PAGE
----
Patients visiting the Emergency Department at Hereford County Hospital have given it a resounding vote of confidence in an independent survey.
The National Urgent and Emergency Care Survey 2020 was carried out by Patient Perspective on behalf of the Care Quality Commission (CQC) in September last year and involved inviting 1,250 patients to give their views on a range of aspects of their care.
The good news is that compared to the previous survey carried out in 2018, the Trust’s average score had gone up, with individual scores putting it in the top 20 per cent of Trusts in a quarter of the questions.
In a number of questions, the Trust improved its results by a significant amount (more than five per cent). These areas include:
Shorter handovers between ambulance crew and ED personnel
- Shorter time waiting to be examined by a nurse or doctor (and being advised if there was a wait)
- Increase in confidence and trust in the doctors and nurses giving treatment
- Ease of getting the attention of a medic or nurse to help when needed
- The way staff managed patient’s pain
- Cleanliness of the Emergency Department
- Advice from ED staff regarding symptoms to look out for after treatment
“We’re really pleased with the results of this survey which evidences a great deal of hard work our staff have put in to improve the way we care for people needing urgent care and treatment,” said Rachel McColm, emergency department consultant.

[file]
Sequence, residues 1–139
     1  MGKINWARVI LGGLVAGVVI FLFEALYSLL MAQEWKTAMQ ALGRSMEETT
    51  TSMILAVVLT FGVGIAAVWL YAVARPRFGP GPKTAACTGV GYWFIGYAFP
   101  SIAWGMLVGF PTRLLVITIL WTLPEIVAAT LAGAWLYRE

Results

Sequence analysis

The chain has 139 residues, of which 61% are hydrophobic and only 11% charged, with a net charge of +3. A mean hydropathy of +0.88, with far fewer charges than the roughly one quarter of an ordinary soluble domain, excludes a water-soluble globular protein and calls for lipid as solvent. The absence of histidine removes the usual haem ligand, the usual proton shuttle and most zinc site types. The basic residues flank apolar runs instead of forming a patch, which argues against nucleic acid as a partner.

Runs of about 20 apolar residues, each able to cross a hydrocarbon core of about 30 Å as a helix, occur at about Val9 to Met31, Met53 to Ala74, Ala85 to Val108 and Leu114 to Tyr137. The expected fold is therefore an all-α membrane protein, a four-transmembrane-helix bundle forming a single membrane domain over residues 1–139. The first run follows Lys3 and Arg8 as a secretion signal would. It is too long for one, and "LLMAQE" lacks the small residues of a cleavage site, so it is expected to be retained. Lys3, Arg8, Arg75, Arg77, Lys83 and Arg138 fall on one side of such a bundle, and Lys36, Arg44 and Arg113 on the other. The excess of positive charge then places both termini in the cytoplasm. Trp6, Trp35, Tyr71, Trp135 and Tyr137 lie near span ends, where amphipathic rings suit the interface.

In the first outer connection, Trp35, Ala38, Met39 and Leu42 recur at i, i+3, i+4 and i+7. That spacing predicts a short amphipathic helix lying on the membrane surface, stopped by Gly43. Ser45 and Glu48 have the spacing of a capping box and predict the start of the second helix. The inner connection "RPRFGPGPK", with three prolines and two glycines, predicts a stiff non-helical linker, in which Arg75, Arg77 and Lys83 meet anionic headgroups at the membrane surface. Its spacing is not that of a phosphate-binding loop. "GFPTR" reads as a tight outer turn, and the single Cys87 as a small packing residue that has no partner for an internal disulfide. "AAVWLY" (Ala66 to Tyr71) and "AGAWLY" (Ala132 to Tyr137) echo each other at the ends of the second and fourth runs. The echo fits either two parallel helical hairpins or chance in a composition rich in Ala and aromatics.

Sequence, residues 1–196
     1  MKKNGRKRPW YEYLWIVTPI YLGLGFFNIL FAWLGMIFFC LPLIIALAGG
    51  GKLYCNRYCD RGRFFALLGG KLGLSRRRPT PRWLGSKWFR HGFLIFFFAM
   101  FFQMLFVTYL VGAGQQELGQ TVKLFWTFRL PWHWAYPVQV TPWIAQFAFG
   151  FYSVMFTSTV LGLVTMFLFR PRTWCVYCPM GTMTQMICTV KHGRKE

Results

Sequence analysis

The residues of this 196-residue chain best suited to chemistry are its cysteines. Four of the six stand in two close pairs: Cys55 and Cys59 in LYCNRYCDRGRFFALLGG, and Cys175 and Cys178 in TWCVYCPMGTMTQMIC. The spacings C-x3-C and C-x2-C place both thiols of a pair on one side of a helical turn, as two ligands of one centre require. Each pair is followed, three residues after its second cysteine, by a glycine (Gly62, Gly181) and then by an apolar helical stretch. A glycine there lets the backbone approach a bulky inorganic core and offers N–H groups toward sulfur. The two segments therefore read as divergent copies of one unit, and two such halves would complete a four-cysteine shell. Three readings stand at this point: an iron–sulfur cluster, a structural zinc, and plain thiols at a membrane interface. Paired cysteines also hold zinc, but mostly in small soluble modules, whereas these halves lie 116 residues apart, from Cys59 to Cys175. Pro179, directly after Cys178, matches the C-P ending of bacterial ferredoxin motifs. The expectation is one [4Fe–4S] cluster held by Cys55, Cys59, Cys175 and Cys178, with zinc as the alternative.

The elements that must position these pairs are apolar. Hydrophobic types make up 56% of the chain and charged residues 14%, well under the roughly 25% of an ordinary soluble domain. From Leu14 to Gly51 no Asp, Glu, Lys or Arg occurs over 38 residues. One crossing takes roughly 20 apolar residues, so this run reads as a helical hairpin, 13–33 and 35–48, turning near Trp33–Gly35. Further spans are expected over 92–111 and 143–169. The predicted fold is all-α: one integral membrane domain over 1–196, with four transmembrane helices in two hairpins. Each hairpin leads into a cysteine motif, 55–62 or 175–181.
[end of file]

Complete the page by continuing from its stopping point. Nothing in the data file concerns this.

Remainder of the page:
“What makes it more significant is that the survey took place during the pandemic. Since the survey we have also had a major refurbishment of the Emergency Department which has seen a new children’s unit built within ED, the creation of a Same Day Emergency Care Unit and an area which is used while we quickly assess and carry out tests before deciding on the best place to continue a patient’s care.
“This has improved care further,” she added.
The results of the survey also back the findings of a Care Quality Commission inspection of emergency care at the hospital which took place in December last year.
The results of the unannounced inspection, which were published in February this year, confirmed the inspectors’ views that urgent and emergency services at Hereford County Hospital were rated as “good”.
The inspectors highlighted the fact that level of care remained consistent despite the added pressures caused by the pandemic and they were impressed by the “strong leadership” of the department where staff and managers worked together to ensure high quality care for their patients.
“While the CQC report and the latest survey results are good, we know there is much more we can do to improve the experience of our patients,” added Rich Wells, Acute and Emergency general manager.
“We’re already addressing areas where we didn’t do so well in the survey, including our communication with patients to ensure they understand clearly the treatment we are giving them and why, and giving more information about the tests we need to carry out and making sure patients understand what the results mean.
“But, and I’m sure my thoughts will resonate with many, I am extremely proud of our great team of medics, clinicians and support staff who have given everything during the last 18 months of the pandemic and this report is yet another reflection of their professionalism and dedication,” he added.
The result of the National Urgent and Emergency Care Survey 2020 is published today, Weds, Sept 15 – https://nhssurveys.org/surveys/survey/03-urgent-emergency-care/